Saturday, October 27, 2007

Flutist or Flautist

Whenever I tell a non-musician that I play the flute, I am immediately asked the million dollar question, “Is it flutist or flautist?” I found an interesting article on Wikipedia to help me answer this question. Thank you, Nancy Toff!!

By the way, I consider myself a FLUTIST!

From Wikipedia, the free encyclopedia

Naming controversy: 'flautist' vs. 'flutist'

The choice of "flautist" (from the Italian flautista, from flauto, and adopted due to 18th century Italian influence) versus "flutist" is the source of minor dispute among players of the instrument. "Flutist" is the earlier term in the English language, dating from at least 1603 (the earliest quote cited by the Oxford English Dictionary), while "flautist" is not recorded before 1860, when it was used by Nathaniel Hawthorne in The Marble Faun. While the print version of the OED does not indicate any regional preference for either form, the online Compact OED characterizes "flutist" as an American usage.[1]
Richard Rockstro in his three volume treatise The Flute[2] written in England in 1890 uses "flute-player". The US player and writer Nancy Toff, in her The Flute Book, devotes more than a page to the subject, commenting that she is asked "Are you a flutist or a flautist?" on a weekly basis. She says, "Ascribe my insistence either to a modest lack of pretension or to etymological evidence; the result is the same." She describes in some detail the etymology of words for "flute". (She is an editor for Oxford University Press.[1]) She compares OED, Fowler's Dictionary of Modern Usage, Evans' Dictionary of Contemporary American Usage, and Copperud's American Usage and Style: The Consensus. Fowler says "flautist" has displaced "flutist" in usage, though "flautist" is not so popular in the USA. She prefers "flutist" personally and etymologically.[3]

The first edition of the OED lists fluter as dating from circa 1400 and Fowler's Modern English Usage[4] states that "there seems no good reason" why flautist should have prevailed over fluter or flutist. However, according to Webster's Dictionary of English Usage,[5] flautist is the preferred term in British English, and while both terms are used in American English flutist is "by far the more common choice".
James Galway summed up the way many players of the flute feel about "flautist", saying, "I am a flute player, not a flautist. I don't have a flaut, and I've never flauted."

Click here for Fenwick Smith’s take on the subject.

Tuesday, October 9, 2007

10 Flute Demonstration RESULTS

This post is a response to THIS BLOG. Watch that one first.

Find out the which flute is which and hear them again! 
Then watch video part 2 to find out winners of the voting and my responses to many of your questions.
If you are interested in learning more details about these flutes, please don't contact me, but contact Burkart Flutes and Piccolos at 978-425-4500 or visit them at
If you want to ask specifics about the instruments in this demo, here are the serial numbers for the flutes I played:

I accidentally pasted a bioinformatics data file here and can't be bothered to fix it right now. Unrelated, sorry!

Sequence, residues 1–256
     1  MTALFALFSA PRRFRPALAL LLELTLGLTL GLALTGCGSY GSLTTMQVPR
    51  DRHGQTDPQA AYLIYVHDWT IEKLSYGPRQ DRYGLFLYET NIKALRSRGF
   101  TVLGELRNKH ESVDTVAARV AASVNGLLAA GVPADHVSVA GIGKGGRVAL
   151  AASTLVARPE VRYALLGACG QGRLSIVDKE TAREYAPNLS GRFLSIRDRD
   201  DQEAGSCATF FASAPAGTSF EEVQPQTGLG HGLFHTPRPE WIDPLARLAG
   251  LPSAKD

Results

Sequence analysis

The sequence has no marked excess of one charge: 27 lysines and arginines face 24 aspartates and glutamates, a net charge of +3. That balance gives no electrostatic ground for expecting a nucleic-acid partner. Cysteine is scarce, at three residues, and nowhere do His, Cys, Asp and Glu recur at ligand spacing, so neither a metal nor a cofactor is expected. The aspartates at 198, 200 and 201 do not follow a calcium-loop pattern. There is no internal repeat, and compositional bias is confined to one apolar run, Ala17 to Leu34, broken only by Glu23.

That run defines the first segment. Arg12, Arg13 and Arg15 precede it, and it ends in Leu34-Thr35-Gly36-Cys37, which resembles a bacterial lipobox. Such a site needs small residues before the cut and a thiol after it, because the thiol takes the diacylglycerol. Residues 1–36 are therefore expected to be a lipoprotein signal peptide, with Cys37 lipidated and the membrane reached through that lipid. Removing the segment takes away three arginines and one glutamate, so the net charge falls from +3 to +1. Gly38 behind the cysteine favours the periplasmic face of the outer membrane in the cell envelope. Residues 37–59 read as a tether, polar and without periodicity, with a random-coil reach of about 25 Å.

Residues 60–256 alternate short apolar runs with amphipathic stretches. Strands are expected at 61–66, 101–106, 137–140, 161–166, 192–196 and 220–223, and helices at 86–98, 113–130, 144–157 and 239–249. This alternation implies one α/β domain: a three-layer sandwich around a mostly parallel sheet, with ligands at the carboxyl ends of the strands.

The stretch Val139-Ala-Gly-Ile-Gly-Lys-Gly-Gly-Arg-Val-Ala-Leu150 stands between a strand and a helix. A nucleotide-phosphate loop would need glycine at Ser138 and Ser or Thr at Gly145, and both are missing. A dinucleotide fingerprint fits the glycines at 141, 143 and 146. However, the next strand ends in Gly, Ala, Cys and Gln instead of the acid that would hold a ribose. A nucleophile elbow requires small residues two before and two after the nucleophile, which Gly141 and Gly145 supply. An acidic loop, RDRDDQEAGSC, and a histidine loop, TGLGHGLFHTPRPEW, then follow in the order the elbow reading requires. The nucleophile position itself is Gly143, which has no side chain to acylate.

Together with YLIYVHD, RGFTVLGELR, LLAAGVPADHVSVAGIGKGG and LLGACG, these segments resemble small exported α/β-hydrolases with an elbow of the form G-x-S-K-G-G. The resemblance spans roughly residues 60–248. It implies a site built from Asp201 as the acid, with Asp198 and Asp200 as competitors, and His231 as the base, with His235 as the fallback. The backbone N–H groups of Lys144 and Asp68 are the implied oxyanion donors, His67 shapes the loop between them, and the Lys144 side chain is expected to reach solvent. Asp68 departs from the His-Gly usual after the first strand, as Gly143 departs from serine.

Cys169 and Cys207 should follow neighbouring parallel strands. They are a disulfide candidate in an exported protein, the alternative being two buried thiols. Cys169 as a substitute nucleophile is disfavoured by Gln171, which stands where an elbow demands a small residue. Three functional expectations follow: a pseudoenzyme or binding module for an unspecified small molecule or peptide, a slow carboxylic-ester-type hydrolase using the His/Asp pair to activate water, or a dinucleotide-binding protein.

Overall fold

#1 .016 silver (my flute, sorry!) with plat riser
#2 19.5K Gold body 488, head 2027
#3 10 K Gold - body in tape, head 1344
#4 14K soldered, body 446, head 2027
#5 14K drawn, body 07035, head 2027
#6 595 drawn, SOLD
#7 .016 silver (mine) with platinum head # 1979
#8 998 body 459, head 2147
#9 .016 body (mine) with 14K head 2027
#10 595 drawn body sold, 998 head with plt riser 2020

Which flutes did you prefer? Which flutes did I prefer? Could I hear a difference between metals? If so, why? Can we prove that different metals sound different?  
You may find the study SILVER, GOLD, PLATINUM - AND THE SOUND OF THE FLUTE interesting. It “proves” that there is no measurable difference between metals, just players. 

“I found this exercise extremely interesting, both as a flute player and coming from a background in psychology. The fact that overall we were not able to distinguish between the flutes, and that flutes 1 and 10 and also 3 were most voted for, seems to result from the Primary and Recency Effect, aka the Serial-Position effect. Basically we chose the flute at the start (primary) and end (recency) and flute 3 would also fit with the primary, because our brains are just wired to remember those best. It's scientifically proven that information at the beginning and end of a event is best recalled. So I found myself not surprised by the results from this regard and predicted 1 and 10 would get the most votes before hearing your results. This may sound like utter rubbish but I do feel that it's an interesting, possible explanation which must have contributed to the outcome in some way at least.”
- Eoghan, Ireland

Friday, October 5, 2007

Cultural Creatives and the Future of Classical Music

In a recent interview in Fanfare, the talented flutist and arranger Robert Stallman made a fascinating observation, “there’s a quiet revolution going on; there’s a growing public that’s hungry for something genuine and inspiring—something that goes deeper. So you have these “cultural creatives” tuning out what big media promotes, because they want something personal, beautiful, and real. And of course chamber music is all those things and more. It’s rich with worlds of meaning that are absolutely life giving, sustaining, and uplifting for us on a daily basis. And in time more and more people will be able to find it on the Web where you don’t have the old set of “gatekeepers.” 
This is exactly what is all about and I have been thrilled to share this vision with all of you, my fellow “cultural creatives.”
Photo: Robert Stallman
Hear me perform Stallman’s arrangement of the Carmen Fantasy